According to the present invention there is introduced into the ethylene to be polymerized, preferably with a small amount of oxygen as catalyst, a certain, amount of other olefins such as propylene, normal butylenes, isobutylene, amylenes including pentene-2, isoamylene, and methyl ethyl ethylene, hexylenes, heptenes, octenes, etc. and their homologues; or diolefins such as butadiene, isoprene, pentadiene, dimethyl butadiene, dimethyl pentadiene, 2,3 dichlorbutadiene, chloroprene, 1,3-pentadiene, 2-methyl- 1,3-butadiene, 1,3-hexadiene, 3-methyl-2,4-pentadiene, 2-normal butyl-l,3-butadiene (butoprene), 2-tertiary butyl-1,3-butadiene, 2-normal heptyl butadiene (heptoprene) and their homologues, or acetylenic substances including acetylene per se, divinyl acetylene, etc., or even unsaturated hydrocarbon derivatives such as acrylic acid or an acrylate. Also various cyclic polymerizable unsaturated compounds can be used such as aromatic olefins, e. g. styrene, indene, and the like, or cyclic olefins, e. g. cyclohexene, or cyclic diolefins e. g. cyclopentadiene. Furthermore, instead of using just one of. these various auxiliary polymerizable materials, mixtures of two or more of them can be used in carrying out the inter- The addition of any one of these substances produces an interpolymer of ethylene and the other unsaturated constituent which is considerably diiierent in physical asd chemical characteristics from the simple ethylene polymers, the most important change being the modification of its solubility characteristics to make the polymer soluble in hydrocarbon solvents generally, thereby making available its valuable and important capacities of improving the viscosity, viscosity index and use fulness of lubricant materials.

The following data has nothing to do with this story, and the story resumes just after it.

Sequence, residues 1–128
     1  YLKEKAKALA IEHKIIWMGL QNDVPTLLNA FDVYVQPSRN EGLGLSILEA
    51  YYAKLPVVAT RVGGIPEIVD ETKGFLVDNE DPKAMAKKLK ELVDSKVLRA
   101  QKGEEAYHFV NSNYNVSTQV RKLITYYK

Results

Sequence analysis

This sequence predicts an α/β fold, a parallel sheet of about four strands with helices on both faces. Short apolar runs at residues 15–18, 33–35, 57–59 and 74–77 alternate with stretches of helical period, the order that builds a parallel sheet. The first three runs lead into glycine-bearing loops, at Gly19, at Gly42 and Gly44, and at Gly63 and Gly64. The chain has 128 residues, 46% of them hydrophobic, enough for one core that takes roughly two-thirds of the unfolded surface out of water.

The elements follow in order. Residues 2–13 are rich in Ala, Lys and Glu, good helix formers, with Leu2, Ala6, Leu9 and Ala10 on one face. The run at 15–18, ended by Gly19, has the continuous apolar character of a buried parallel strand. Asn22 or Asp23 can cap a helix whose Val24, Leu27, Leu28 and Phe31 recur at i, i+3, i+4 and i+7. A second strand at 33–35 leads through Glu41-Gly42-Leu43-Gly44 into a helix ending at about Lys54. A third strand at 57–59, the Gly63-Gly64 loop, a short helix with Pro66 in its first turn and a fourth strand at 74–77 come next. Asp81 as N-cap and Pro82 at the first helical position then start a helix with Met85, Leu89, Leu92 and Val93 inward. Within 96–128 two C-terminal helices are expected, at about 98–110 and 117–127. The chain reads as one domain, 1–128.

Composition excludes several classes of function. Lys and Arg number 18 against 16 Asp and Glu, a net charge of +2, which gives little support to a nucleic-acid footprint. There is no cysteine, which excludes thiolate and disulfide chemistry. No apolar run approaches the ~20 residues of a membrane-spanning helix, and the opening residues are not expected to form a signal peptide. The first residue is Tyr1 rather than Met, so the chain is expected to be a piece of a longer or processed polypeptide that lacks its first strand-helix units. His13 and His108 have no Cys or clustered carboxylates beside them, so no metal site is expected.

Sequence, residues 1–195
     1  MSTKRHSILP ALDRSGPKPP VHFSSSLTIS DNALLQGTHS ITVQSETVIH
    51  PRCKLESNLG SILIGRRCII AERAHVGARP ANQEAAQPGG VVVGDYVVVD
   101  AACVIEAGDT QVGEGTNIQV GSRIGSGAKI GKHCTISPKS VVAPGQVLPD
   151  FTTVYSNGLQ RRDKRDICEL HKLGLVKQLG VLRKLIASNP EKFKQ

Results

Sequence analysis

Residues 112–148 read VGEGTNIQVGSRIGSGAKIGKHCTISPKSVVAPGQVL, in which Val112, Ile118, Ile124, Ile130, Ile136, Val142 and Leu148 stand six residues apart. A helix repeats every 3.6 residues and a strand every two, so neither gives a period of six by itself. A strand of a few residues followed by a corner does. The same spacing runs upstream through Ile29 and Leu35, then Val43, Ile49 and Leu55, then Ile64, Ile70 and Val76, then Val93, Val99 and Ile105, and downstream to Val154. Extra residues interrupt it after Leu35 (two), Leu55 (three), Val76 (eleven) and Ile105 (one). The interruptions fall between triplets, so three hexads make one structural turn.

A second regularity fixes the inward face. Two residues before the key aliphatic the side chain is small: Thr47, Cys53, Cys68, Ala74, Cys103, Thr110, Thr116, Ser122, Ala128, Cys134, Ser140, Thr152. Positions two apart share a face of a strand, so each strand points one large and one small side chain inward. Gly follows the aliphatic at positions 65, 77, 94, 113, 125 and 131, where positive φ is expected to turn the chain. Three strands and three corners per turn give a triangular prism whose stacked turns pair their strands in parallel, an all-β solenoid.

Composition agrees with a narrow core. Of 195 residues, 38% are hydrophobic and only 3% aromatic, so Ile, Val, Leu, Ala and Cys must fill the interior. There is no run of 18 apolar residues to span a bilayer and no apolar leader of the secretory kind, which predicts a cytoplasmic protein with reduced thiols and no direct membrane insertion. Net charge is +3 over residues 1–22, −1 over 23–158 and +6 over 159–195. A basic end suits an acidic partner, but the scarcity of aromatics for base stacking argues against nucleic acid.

In carrying out the interpolymerization, these mixtures may be prepared at ordinary temperatures and pressures, and preferably contain as catalyst a small amount, ranging from 0.001% to 2 or 3% of oxygen, or oxygen-yielding compounds such as peroxides, both inorganic or organic, especially benzoyl peroxide which is the preferable peroxide catalyst. This mixture is then compressed topressures ranging from 200 or 500 atmospheres to 3000 atmospheres or higher and heated at .temperatures ranging from about 100 C. or preferably 200 C. to 400 C. or above. The polymerization occurs after standing for varying intervals of time ranging from a few minutes to a considerable number of hours.